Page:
This was about 3 yrs ago and I still talk with/ hang with about 3 of them on a regular basis.

So maybe see if you have something like that in your area?

Also, yeah, there are several other groups (sports related, crafts ( I am also in a crochet grp).. a hauntings grp, lol). So, yah never know.

 

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2 hours ago, sarameldrin said:

Yep, I'd definitely agree with you. On a normal day. 

But we are still having our lockdown here. Meaning we can't get out of our houses. That sounds like an excuse, but it also means things are yet to get back to normal around here. 

How do I explain this? I'm not expecting a babysitter, rather a meagre connection with the outside world. 

Also, I am currently participating in online courses as much as I can, alongside college classes. But there's a component of overpowering sadness that takes control everyday. I know it sounds lame, but that's the only way I can express it.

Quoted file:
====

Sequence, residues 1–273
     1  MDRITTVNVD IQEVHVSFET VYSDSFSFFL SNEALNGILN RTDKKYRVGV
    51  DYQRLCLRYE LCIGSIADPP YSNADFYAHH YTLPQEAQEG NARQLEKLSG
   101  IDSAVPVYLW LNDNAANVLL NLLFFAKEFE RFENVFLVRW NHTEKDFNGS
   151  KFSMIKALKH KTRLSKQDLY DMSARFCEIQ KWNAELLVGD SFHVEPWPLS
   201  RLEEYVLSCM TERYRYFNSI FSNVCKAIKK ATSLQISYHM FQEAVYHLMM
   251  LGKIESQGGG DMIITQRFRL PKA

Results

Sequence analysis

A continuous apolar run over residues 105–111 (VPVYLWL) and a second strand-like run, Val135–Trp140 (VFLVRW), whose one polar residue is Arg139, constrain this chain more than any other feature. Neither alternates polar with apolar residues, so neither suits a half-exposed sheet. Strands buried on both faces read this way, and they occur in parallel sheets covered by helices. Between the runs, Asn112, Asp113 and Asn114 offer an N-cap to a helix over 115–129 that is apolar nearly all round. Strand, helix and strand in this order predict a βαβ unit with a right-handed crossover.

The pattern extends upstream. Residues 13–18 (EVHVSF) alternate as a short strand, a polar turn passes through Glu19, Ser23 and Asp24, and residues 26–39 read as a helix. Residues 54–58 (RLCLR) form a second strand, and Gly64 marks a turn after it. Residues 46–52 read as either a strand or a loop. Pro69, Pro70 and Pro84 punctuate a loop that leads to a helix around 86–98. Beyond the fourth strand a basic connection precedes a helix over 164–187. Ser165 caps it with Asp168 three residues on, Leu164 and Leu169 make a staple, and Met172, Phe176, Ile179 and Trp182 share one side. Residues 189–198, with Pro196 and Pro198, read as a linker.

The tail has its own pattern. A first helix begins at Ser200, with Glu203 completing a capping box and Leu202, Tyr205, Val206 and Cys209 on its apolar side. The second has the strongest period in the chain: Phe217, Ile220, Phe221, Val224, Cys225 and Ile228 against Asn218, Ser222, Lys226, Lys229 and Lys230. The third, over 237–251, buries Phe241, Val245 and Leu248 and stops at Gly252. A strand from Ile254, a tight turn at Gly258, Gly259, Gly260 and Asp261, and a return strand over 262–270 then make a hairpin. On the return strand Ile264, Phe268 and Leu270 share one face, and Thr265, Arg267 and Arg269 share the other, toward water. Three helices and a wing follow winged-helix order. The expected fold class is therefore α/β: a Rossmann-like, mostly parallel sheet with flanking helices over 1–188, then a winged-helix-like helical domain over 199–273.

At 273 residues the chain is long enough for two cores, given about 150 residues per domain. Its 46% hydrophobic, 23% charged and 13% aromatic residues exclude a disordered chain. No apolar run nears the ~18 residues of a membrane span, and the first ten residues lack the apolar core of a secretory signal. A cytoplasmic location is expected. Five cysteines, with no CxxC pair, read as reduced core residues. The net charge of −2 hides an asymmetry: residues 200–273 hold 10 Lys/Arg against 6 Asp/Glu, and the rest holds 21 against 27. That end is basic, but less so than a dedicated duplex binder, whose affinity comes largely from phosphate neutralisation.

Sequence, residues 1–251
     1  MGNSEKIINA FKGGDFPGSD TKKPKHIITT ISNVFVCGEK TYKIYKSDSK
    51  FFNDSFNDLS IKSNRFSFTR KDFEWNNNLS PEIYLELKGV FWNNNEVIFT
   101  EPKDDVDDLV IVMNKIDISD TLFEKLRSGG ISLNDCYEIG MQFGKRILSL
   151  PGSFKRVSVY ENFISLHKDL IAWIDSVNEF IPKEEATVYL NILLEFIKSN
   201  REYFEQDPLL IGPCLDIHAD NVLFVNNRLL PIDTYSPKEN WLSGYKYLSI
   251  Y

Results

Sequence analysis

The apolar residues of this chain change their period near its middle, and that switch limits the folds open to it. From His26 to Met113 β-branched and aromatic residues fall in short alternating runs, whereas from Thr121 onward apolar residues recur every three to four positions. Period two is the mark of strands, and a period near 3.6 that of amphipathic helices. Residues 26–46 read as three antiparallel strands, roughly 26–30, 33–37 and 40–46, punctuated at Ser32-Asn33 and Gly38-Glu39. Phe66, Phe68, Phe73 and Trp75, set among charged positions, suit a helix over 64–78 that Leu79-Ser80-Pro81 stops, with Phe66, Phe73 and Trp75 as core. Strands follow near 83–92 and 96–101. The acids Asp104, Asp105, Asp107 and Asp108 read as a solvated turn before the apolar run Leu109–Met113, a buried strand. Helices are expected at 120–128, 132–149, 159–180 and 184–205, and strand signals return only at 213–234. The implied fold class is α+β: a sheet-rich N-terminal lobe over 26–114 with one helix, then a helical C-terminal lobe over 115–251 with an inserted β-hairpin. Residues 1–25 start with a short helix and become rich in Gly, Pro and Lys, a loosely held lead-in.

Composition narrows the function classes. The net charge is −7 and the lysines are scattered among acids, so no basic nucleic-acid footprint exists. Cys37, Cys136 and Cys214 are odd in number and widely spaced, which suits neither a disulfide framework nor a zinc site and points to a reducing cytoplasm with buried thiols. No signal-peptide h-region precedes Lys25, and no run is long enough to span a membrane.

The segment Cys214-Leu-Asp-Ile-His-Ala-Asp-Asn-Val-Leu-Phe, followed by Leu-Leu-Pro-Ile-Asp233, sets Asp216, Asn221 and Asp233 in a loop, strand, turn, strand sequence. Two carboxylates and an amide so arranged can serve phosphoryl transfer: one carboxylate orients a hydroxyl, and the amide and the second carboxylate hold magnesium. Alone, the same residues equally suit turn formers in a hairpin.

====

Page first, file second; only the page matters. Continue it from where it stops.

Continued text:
And no, I don't have the expectation that suddenly talking to a friend is gonna undo all that. The point is to have a positive social interaction once in a while. 

I hear you on the "positive social interaction". I live alone (have been since before the pandemic) in a house that is way too big for one person so I somewhat empathize. All this took a lot of adjustment and there was a period of anxiety and disorientation. It was awhile before I became comfortable with my own thoughts. Preparing things for the house or around the place takes a lot of time and work so this has been a saving grace.

Try easing into the quiet and being more comfortable in your own thoughts and learning to find joy in your own ongoings, independent of whatever else is going on around you. This probably means learning to control and limit the addictions to technology and your phone.

Outside stimulus from social media like a constant barrage is negative. All it offers is ongoing chatter and usually of a superficial means. You can find a more rewarding means of feedback or knowledge wherever you take an interest. Develop those interests. Last night I watched half of a documentary about the Indonesian archipelago (a part of my heritage) and the islander history. I consider myself an islander at heart so naturally find myself at beaches, piers or other places near bodies of water. These act like portals for me. I like taking the kayak out. When I'm near or in the water I'm also at home. 

You have to find spiritual nourishment regardless of the space or time. Go and find that wherever you are even if you are at home.